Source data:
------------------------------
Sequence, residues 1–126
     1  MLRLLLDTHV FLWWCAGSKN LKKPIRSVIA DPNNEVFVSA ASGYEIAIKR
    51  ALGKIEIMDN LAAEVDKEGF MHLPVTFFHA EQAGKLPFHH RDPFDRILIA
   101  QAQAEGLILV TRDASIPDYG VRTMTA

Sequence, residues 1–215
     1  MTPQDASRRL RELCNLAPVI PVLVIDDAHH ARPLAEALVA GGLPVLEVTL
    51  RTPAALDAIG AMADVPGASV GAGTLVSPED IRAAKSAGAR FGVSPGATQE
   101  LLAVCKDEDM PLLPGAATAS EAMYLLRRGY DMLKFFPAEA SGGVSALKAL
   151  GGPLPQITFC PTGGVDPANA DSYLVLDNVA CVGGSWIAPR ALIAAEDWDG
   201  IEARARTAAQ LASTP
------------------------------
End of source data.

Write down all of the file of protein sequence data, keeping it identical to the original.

Sequence, residues 1–126
     1  MLRLLLDTHV FLWWCAGSKN LKKPIRSVIA DPNNEVFVSA ASGYEIAIKR
    51  ALGKIEIMDN LAAEVDKEGF MHLPVTFFHA EQAGKLPFHH RDPFDRILIA
   101  QAQAEGLILV TRDASIPDYG VRTMTA

Sequence, residues 1–215
     1  MTPQDASRRL RELCNLAPVI PVLVIDDAHH ARPLAEALVA GGLPVLEVTL
    51  RTPAALDAIG AMADVPGASV GAGTLVSPED IRAAKSAGAR FGVSPGATQE
   101  LLAVCKDEDM PLLPGAATAS EAMYLLRRGY DMLKFFPAEA SGGVSALKAL
   151  GGPLPQITFC PTGGVDPANA DSYLVLDNVA CVGGSWIAPR ALIAAEDWDG
   201  IEARARTAAQ LASTP